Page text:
I was amused to see a photo on the Westgard blog about the Antwerp conference – Quality in the Spotlight. The photo is incidental to the blog content – it shows people holding up green cards with the exception of one person holding up a red card. It’s hard to see the person holding up the red card, but it’s me! So this was voting by the attendees to some questions asked by the convener – Henk Goldschmidt – at the end of the day’s session.
The question to which everyone agreed except me went something like – “should analytical variation always be less than biological variation”
So here’s my reason for dissenting.
The Ricos database for glucose, available on the Westgard website, lists the TAE for glucose at either 5.5% or 6.96%. Yet, the 2013 ISO 15197 performance standard for glucose meters is: TAE (95% of Results) ± 15 mg/dL below 100 mg/dL and ± 15% above 100 mg/dL. Hence, the answer to the question should analytical variation always be less than biological variation is no!
In my one man Milan response paper (subscription required) to the Milan conference, I had a section discussing the merits of biological variation vs. clinician opinion but dropped it in the final version. But this material was in the Antwerp conference – basically I said, I understand the rationale behind biological variation and it makes sense to me but I don’t see how biological variation can trump clinician opinion and glucose meters was the example I used.
I note in passing that Callum Fraser, the guru of biological variation, was in the audience – he presented earlier in the day a fabulous historical overview of biological variation. During his presentation I was nevertheless struck by some of the equations used for biological variation. For example, one of the equations was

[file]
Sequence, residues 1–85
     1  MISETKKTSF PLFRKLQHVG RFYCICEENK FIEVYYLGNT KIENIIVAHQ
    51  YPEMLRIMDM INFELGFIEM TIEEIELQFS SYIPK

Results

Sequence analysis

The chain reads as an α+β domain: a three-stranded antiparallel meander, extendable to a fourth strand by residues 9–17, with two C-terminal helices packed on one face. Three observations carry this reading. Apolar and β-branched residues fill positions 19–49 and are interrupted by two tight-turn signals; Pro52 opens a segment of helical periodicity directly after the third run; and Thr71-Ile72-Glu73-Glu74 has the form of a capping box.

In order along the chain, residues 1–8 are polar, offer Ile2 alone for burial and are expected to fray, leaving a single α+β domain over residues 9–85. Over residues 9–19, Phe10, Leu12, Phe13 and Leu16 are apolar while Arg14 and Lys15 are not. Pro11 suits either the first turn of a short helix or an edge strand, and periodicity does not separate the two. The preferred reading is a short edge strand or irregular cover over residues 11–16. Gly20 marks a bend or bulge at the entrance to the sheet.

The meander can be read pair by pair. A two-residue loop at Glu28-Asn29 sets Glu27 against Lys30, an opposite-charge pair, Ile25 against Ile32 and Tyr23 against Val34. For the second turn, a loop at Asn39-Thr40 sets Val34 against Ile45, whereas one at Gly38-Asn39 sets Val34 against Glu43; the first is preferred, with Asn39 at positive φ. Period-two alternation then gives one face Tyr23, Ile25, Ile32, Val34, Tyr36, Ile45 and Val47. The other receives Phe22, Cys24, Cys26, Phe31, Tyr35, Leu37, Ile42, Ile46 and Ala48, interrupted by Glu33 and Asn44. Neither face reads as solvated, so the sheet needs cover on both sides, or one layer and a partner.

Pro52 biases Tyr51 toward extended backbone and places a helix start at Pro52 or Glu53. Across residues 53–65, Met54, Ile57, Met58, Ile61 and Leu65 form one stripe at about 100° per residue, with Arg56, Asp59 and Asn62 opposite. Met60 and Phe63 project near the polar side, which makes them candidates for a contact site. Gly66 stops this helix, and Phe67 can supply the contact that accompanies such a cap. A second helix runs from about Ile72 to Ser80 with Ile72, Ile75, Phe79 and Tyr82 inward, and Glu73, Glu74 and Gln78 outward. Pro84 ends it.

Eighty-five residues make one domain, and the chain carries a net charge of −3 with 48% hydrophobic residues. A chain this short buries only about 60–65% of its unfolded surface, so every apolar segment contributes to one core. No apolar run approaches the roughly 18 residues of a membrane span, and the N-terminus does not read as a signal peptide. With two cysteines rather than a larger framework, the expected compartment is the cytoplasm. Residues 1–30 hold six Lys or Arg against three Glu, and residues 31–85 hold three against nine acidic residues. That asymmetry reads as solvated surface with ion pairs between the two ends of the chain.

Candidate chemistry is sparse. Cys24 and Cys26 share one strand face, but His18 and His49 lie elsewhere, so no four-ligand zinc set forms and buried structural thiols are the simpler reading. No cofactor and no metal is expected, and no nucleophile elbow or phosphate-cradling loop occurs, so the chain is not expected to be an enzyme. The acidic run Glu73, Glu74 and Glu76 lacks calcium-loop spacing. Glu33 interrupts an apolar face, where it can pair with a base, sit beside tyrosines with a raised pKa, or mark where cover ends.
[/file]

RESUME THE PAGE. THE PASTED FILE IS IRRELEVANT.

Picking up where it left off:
CV < ½ CV within-subject biological variation
So why is it exactly 0.5? Why not 0.496 or 0.503? And how can it be 0.5 for all assays? Is there something about the 0.5 that is like pi?
When the 2003 ISO standard for glucose meter performance was prepared, the regulatory affairs people of industry controlled the standard. The standard called for 95% of results above 75 mg/dL to be within a total error of ± 20%. The standard was said to be based on medical requirements – clearly it was not based on state of the art since glucose meters perform better.
A problem probably unforeseen by these regulatory people was that a bunch of new players entered the glucose meter market and of course had no trouble getting FDA approval – the FDA used the ISO standard in its approval process. The number of meter brands on the market grew from 32 in 2005 to 87 in 2014. And some of the new meters sold their strips at a much lower price than the major manufacturers. This caused the four major companies to lose some market share.
Industry still plays a dominant role in glucose meter standards, but it seems that the original regulatory affairs people are out. Now, industry is working with the Diabetes Technology Society to certify glucose meters under new performance standards. Thus, meters that have FDA approval will be tested according to the tighter 2013 ISO standard and only meters that pass will receive a seal of approval from the Diabetes Technology Society.
Klonoff DC, Lias C, Beck S Development of the Diabetes Technology Society Blood Glucose Monitor System Surveillance Protocol. J Diabetes Sci Technol, in press. available at http://dst.sagepub.com/content/early/2015/12/10/1932296815614587.full.pdf+html
I was working on a paper and decided to comply with the nomenclature expected by the journal and used the word “measurand.” The word was underlined as unknown by the dictionary used by “Word.” I went to an online version of the Merriam Webster dictionary and no match for found for measurand. So much for ISO nomenclature.